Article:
Vermont has traditionally had some of the highest quality educational outcomes in the country.  We should all be proud of that strong tradition, and dedicate ourselves to ensuring it continues.  In order to do so, however, we must work together to put into place sound educational policies and do so at a price we can all afford.

Responsible stewardship of our environment has made the Vermont what it is, and as a native Vermonter, I am proud of that tradition and am committed to ensuring it continues. 

Make no mistake, protecting our environment and ensuring our economic prosperity are not mutually exclusive goals.  Rather, they can, and must, go hand in hand.

My long, and sometimes lonely, quest to establish an Ethics Commission and develop a conflict of interest code of conduct for elected and appointed officials in Vermont finally came to fruition in 2017.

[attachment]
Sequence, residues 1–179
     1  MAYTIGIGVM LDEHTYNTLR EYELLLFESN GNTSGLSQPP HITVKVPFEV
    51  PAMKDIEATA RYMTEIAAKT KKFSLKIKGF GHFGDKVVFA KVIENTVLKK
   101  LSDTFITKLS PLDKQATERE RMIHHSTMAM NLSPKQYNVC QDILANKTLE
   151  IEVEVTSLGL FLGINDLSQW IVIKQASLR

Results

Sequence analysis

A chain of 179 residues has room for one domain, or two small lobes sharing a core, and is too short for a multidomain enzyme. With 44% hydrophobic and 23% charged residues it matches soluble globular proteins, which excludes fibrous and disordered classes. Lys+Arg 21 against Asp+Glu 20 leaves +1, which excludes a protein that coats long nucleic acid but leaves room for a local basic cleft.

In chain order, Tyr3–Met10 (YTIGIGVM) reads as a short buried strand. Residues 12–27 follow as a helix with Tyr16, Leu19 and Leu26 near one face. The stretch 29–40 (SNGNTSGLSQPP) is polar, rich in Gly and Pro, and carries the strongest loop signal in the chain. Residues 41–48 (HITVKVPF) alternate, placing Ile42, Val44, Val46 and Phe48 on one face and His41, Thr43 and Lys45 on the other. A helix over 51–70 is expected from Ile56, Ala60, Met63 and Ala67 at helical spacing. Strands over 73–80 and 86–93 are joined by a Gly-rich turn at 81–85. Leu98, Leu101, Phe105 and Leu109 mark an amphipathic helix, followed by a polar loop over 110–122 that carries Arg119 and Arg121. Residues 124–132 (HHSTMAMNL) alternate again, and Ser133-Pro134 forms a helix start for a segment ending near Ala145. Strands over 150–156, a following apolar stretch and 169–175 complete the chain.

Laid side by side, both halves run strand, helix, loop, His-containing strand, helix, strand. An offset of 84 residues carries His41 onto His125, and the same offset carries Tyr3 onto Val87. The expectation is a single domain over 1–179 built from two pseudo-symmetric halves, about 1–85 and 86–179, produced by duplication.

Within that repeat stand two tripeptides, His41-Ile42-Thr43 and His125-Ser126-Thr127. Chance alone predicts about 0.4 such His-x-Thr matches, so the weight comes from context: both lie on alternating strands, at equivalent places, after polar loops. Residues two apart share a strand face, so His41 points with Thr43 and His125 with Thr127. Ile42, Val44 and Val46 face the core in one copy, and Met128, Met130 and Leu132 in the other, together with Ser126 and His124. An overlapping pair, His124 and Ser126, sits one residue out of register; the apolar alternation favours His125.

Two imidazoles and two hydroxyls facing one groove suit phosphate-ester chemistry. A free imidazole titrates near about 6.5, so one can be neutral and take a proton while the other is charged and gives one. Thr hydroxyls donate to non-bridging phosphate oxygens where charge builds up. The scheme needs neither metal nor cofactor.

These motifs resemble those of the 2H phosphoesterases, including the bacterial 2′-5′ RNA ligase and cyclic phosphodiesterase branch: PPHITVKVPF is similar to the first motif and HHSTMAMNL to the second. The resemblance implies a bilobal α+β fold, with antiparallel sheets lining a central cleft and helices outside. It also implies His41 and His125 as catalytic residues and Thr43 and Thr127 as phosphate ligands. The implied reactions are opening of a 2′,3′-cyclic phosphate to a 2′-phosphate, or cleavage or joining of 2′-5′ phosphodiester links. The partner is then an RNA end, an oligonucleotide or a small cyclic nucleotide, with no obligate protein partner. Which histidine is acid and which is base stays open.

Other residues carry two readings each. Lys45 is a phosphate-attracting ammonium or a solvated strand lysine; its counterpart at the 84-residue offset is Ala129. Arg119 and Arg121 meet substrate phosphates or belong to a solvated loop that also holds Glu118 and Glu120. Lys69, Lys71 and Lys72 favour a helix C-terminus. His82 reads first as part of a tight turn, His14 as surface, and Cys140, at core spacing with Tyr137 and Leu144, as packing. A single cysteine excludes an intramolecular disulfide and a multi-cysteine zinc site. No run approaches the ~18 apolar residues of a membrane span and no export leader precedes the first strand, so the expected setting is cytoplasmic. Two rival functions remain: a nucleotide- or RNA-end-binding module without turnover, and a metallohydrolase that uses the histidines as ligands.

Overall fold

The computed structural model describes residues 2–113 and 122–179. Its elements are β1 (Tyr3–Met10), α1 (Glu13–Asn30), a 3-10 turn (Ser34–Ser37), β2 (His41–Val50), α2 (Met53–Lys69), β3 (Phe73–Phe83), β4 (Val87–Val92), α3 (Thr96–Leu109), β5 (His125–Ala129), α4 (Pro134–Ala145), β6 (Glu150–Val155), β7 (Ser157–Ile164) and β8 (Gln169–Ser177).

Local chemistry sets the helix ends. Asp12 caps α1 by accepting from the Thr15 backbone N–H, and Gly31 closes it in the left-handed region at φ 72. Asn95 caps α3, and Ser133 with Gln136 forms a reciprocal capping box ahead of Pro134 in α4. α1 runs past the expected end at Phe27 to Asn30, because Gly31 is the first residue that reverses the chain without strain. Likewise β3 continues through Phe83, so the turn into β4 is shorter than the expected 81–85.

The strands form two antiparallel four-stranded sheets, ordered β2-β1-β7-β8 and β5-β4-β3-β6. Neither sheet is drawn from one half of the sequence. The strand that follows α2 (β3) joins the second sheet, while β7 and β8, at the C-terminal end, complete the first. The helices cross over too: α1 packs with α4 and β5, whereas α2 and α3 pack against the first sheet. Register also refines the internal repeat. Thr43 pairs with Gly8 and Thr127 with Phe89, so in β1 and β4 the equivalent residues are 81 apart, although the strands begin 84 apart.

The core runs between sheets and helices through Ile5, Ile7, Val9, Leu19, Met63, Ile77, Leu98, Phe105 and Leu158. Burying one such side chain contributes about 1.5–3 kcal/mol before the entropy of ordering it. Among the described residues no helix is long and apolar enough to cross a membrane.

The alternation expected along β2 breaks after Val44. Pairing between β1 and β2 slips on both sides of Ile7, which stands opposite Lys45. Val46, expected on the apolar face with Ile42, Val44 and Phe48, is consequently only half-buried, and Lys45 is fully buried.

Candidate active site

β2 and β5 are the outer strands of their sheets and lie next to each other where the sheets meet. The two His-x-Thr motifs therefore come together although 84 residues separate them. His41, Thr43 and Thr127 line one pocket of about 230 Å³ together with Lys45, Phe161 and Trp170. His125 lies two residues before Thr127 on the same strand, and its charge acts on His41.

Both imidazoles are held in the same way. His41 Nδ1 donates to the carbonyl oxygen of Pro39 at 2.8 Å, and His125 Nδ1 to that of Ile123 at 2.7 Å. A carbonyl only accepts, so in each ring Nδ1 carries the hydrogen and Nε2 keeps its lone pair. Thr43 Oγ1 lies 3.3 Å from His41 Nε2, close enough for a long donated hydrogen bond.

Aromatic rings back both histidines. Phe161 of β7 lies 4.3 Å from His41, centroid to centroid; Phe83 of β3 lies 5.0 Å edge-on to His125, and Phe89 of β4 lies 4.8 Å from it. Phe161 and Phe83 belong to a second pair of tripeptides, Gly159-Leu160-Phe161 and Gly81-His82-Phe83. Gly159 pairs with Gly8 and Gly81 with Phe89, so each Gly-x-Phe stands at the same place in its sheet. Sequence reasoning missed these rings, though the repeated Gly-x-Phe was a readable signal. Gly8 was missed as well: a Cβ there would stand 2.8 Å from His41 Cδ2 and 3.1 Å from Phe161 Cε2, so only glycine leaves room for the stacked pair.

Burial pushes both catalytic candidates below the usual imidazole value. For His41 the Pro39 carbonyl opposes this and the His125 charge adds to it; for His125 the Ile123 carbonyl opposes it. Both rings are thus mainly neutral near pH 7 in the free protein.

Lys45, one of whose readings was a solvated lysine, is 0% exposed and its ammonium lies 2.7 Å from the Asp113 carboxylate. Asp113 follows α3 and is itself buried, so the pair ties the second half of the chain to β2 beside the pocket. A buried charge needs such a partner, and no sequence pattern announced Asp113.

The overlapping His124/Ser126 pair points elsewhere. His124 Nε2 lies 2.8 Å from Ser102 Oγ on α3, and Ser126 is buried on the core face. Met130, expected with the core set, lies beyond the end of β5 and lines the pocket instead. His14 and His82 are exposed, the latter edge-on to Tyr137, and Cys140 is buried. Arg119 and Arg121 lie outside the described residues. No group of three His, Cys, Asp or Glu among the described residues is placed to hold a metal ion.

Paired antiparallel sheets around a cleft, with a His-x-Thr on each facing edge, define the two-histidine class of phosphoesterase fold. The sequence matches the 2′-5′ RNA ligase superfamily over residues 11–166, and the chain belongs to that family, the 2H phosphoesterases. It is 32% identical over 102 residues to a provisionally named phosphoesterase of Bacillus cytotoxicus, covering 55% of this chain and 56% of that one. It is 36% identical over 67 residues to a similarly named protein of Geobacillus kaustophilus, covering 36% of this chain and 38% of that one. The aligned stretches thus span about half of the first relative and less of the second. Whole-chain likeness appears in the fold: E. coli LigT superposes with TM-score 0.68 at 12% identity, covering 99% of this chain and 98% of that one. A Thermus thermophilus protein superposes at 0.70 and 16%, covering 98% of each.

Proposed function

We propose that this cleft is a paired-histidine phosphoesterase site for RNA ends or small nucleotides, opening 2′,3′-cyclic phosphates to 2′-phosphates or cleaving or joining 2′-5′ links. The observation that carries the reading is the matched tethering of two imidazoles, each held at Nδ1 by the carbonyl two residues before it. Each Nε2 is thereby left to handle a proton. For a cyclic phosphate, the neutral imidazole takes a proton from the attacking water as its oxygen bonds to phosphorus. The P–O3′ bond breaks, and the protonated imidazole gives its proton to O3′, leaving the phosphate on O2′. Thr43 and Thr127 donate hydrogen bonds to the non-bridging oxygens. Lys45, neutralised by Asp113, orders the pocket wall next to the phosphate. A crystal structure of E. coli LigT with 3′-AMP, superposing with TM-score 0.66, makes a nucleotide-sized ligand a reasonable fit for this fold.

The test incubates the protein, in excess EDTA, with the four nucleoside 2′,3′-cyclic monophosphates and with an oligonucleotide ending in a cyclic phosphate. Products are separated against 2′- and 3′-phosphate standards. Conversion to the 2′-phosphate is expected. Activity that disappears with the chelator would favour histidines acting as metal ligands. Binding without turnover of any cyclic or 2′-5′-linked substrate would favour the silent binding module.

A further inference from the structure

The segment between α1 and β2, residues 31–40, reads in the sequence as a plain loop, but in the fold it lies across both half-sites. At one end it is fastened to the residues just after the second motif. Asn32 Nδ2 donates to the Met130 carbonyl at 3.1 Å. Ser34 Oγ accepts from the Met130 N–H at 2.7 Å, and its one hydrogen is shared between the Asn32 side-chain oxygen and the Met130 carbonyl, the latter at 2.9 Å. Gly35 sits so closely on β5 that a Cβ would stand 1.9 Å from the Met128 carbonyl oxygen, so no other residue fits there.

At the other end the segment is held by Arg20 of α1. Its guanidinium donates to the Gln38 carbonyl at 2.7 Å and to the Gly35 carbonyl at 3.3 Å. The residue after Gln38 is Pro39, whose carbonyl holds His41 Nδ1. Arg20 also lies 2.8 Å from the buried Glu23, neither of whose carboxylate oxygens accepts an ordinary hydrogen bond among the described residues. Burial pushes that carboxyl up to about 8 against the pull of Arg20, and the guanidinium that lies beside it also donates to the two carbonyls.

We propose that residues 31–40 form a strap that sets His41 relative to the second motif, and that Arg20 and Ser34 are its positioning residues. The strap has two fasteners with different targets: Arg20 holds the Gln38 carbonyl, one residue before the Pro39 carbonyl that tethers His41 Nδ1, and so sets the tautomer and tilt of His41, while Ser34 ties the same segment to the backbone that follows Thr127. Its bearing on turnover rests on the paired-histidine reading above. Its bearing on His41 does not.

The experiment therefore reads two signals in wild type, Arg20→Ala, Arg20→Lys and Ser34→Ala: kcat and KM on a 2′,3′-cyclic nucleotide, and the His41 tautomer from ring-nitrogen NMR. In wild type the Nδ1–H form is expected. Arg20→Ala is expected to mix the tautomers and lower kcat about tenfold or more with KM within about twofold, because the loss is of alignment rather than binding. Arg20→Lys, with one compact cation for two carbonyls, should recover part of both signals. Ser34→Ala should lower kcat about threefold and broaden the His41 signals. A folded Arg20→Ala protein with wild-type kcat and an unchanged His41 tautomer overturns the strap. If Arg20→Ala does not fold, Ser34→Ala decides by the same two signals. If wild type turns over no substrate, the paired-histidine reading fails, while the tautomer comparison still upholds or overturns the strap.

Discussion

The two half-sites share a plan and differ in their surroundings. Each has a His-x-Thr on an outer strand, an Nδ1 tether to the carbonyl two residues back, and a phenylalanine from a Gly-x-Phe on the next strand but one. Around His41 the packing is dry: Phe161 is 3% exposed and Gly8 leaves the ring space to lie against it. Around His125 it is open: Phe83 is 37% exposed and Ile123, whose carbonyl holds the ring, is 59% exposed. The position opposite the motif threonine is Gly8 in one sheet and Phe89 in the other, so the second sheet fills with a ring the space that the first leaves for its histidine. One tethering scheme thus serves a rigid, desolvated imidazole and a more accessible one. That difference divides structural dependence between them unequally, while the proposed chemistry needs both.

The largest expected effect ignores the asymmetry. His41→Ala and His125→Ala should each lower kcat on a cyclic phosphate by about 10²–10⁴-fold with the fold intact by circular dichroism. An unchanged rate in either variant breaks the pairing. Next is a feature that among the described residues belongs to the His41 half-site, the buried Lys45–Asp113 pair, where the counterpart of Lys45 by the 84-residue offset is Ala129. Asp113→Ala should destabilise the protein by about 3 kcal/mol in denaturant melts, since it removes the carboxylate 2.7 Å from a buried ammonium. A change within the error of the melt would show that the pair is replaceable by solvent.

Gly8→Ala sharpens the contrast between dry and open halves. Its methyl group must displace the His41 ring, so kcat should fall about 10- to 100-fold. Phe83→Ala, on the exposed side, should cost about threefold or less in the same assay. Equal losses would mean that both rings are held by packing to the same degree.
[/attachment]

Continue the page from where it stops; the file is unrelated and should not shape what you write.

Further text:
As background, in July 2013, the Telecom Czar appointed by Governor Peter Shumlin resigned to take a senior position with VTel, a company that had received $8.5 million in state funds in the two years this person was a voting members of the state board that authorized the funds.

In February 2014, a sitting Democratic legislator was hired as a director of a special interest group having just led the passage of the organization's legislation the prior year.  Her responsibilities as a new employee (while she was also a legislator) were to work with lobbyists to prepare for any future legislative action.

And, in March 2014, the Vermont House Majority Whip, a Democrat, resigned mid-term to become executive director of a single-payer health care advocacy organization.

While in my mind, and the mind of others, these - and other similar instances - raised significant ethical questions and perceptions of conflicts of interest, there was no support in Montpelier for putting into place an independent ethics commission or code of conduct for our elected and appointed officials.

Yet, I started my quest.